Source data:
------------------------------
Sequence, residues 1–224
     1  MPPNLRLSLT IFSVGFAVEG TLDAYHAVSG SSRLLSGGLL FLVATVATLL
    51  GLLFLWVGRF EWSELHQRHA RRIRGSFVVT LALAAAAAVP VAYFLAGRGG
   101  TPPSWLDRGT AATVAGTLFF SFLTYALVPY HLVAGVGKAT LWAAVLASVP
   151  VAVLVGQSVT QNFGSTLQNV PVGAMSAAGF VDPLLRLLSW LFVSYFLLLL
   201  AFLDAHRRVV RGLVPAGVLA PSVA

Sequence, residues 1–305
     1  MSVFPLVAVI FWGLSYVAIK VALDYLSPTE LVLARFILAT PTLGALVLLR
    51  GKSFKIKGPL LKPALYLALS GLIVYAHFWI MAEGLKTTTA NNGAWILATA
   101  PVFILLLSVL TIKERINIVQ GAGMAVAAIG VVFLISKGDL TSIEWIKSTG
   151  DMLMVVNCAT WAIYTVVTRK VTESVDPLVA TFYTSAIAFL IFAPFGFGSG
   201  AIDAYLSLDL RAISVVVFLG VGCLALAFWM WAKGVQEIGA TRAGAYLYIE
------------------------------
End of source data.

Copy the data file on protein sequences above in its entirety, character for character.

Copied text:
Sequence, residues 1–224
     1  MPPNLRLSLT IFSVGFAVEG TLDAYHAVSG SSRLLSGGLL FLVATVATLL
    51  GLLFLWVGRF EWSELHQRHA RRIRGSFVVT LALAAAAAVP VAYFLAGRGG
   101  TPPSWLDRGT AATVAGTLFF SFLTYALVPY HLVAGVGKAT LWAAVLASVP
   151  VAVLVGQSVT QNFGSTLQNV PVGAMSAAGF VDPLLRLLSW LFVSYFLLLL
   201  AFLDAHRRVV RGLVPAGVLA PSVA

Sequence, residues 1–305
     1  MSVFPLVAVI FWGLSYVAIK VALDYLSPTE LVLARFILAT PTLGALVLLR
    51  GKSFKIKGPL LKPALYLALS GLIVYAHFWI MAEGLKTTTA NNGAWILATA
   101  PVFILLLSVL TIKERINIVQ GAGMAVAAIG VVFLISKGDL TSIEWIKSTG
   151  DMLMVVNCAT WAIYTVVTRK VTESVDPLVA TFYTSAIAFL IFAPFGFGSG
   201  AIDAYLSLDL RAISVVVFLG VGCLALAFWM WAKGVQEIGA TRAGAYLYIE